A triad of talent has aligned to create an epic cover of an iconic song, Hyper, Jack Trammel, and Sam Matlock (of Wargasm) have all joined forces to render something that does justice to the original while bringing a balance to all 3 of their styles under one production. Out via Position Music, this tune is an absolute banger all things considered and fits to many moods
On the one hand, the structure of the release fits with bass music culture, yet the vocal work fixates on a vibe that is much more hardcore rock / punk-rock. Yet, all of these genres are heavy, so it makes sense that they would have the natural synergy to gel, which is exactly what is happening on this release.
Hyper is certainly the guy who is bringing in the rock/punk-vibe onto this release. He’s been a huge fan of grunge and various rock/heavy rock genres growing up, being from Seattle himself (home of Nirvana.) He has collaborations with artists like The Crystal Method and Iggy Pop, huge, globally known names in all of music and especially in their respective scenes. Hyper injects this know-how in a sophisticated and brilliant way with this cover.
Jack Trammell is big in the video game and film trailer world and probably had a big role in designing the mood and direction of this release. It certainly has a cinematic feel to it, it being easy to imagine the type of song in something like a box office trailer.
Sam Matlock handles the structure on the guitar and vocal front and does so with grace and enthusiasm. The dude has an interesting background and career to say the least, he’s a member of the successful band Wargasm and also son of the bassist Glen Matlock – who was in The Sex Pistols – so a ton of cultural context with this guy and a great inclusion on a collaboration such as this.
An optimal meeting of the minds has occurred with “Smells Like Teen Spirit,” – Hyper, Jack Trammel & Sam Matlock are a force to be reckoned with.
How did you get involved in the ‘Smells Like Teen Spirit’ remix?
I was working on some new material with a Movie/Game Trailer composer I admire, Jack Trammell. (I love trailer music/sound design/score, and was keen to see how our styles would mesh to do something fresh). He’d done a legit cover of ‘Teen Spirit’ as a trailer based composition, and he asked whether I would be interested in remixing that. (-Sub Pop records circa ’90 (Mudhoney, L7, Tad) were one of the turning points/epiphanies of my musical life). The ‘Bleach’ album by Nirvana especially (along with Beastie Boys’ ‘Check Your Head’ from a different direction) was a huge moment for me. The following success of ’Teen Spirit’ and the ’Nevermind’ album I still feel was totally justified and that the band should never have felt they’d sold out by making it. I couldn’t say no as I’d always wanted to have a go at the track, but I had to do it properly, with respect yet while ensuring I added a fresh take to it. I asked Sam Matlock (from Wargasm) if he’d be interested in replaying the guitars for me and re vocalling the parts I needed… It was a tough track to rework for me personally, Sam and I didn’t want to copy Kurts delivery and so he worked on emphasizing key parts and I then went and twisted them up further. It is also 30 years since the release of the single, so I really wanted to make a celebration of it. That is what the feel of the second half of the rework is meant to be.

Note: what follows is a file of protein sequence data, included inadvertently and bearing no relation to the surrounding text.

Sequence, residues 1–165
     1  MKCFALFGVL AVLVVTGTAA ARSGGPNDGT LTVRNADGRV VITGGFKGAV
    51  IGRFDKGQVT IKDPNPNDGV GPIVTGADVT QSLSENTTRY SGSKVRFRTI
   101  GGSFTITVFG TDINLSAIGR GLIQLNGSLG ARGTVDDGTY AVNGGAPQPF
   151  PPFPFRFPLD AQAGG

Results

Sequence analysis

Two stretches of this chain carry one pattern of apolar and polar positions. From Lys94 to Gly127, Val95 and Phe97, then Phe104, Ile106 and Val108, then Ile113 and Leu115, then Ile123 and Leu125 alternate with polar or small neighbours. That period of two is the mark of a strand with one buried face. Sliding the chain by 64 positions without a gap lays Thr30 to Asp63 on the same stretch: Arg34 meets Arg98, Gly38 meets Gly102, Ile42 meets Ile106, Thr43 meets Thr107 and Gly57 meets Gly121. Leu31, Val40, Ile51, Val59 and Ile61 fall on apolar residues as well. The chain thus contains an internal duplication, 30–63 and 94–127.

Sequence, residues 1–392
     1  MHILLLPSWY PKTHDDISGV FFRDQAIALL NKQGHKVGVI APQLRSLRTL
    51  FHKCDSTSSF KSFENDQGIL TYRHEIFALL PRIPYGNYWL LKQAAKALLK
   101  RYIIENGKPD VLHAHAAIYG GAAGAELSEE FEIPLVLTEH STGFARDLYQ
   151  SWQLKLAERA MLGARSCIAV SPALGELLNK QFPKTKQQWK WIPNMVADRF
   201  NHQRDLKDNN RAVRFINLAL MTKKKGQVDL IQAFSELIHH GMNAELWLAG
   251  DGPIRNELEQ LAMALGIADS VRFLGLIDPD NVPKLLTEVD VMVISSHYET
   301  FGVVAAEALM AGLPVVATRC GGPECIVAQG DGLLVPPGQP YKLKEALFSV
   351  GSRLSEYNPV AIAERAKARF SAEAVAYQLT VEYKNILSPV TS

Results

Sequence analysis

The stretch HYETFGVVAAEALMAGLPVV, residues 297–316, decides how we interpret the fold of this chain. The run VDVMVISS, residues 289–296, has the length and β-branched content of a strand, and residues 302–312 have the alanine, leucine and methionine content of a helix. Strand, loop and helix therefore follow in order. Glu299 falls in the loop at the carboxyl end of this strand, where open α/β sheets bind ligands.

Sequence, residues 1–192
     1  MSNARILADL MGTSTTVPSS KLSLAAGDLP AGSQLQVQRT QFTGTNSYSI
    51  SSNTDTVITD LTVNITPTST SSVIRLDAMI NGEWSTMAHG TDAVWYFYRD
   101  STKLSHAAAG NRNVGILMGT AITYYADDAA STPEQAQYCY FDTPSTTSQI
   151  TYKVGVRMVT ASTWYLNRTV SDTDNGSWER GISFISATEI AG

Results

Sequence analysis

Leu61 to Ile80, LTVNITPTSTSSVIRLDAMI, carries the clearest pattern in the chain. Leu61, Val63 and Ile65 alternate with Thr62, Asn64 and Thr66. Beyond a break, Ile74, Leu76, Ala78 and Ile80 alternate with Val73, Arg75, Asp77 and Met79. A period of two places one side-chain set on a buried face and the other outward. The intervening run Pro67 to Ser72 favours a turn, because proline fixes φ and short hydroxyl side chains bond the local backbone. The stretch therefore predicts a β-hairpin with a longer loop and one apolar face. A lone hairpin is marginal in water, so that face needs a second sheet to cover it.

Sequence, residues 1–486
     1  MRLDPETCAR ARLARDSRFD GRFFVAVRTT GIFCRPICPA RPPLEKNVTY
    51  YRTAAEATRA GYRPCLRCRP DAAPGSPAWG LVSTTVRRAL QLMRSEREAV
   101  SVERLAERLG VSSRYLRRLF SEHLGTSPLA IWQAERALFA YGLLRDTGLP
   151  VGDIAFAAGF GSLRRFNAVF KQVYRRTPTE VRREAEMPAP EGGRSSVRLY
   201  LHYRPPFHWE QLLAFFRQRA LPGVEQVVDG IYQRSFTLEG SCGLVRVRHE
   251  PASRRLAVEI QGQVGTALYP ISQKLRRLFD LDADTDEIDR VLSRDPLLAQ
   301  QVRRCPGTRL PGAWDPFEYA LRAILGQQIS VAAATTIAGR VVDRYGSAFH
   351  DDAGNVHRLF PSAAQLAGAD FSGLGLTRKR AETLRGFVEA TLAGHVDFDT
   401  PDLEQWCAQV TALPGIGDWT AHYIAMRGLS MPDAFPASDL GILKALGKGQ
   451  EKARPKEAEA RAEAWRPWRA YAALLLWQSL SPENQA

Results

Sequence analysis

What’s your favorite period in rock music (using the name of that genre broadly)?
Punk. The energy was, and still is palpable even from documentaries and watching old performances (Dead Boys, Pistols, the Bad Brains, Black Flag especially). Its taken time for me to realise that Punk is still around but is no longer necessarily about music. Music and culture and life needed that injection of adrenalin in late 70’s England. It was a DiY thing, was organic (to a point), and is STILL the last seismic and enduring shift in music to this day. While Electronic Music has become a massive movement, I don’t believe its the same thing… Punk to me exists still within anyone pushing the boundaries and/or sticking to your guns despite what ‘genres’, ‘fashion’ or your supposed ‘peers’ continue to tell you what you should do or how you should sound. Going against the grain! Honesty is at the heart of it whether right or wrong and having the courage of your convictions.What type of vibe or messaging do you hope folks take away from the Hyper experience sonically?
That the music is honest, uncompromising (and I don’t just mean by being heavy in places) and that you don’t have to sit in a genre to provide an important musical experience for people. I get asked all the time what ‘genre’ I am, and my fave summary of my work, came from a comment on some social media platform or other. It went along the lines of ‘..i never know quite what I’m going to get from a new Hyper track, Strings, guitars, vocals, whatever… BUT, I do know that it WILL sound like a street fight!’! (Will also accept ‘What The Fuck Was That?’:-)
What advice would you give musicians just starting out today in the digital era of music that may be a point of encouragement?
Try to stick to you, what drives and influences you, and what YOU like and inspires you. Develop sounds and feels that excite YOU. You’ll always write your best music when you follow where the track needs to go naturally to you.
Never listen to one of those producer Twitter rants ‘you shouldn’t use those hi freq (or whatever) snares’ blah (judge/scorn etc), It’s YOUR snare and use the one you want! (usually frustrated producers btw:-)
TRY EVERYTHING. Get an idea, then try it. Nothing ventured, nothing gained.
Have fun. (Express yourself, this is art remember:-).
Do not go into the music industry because you think you’ll become rich!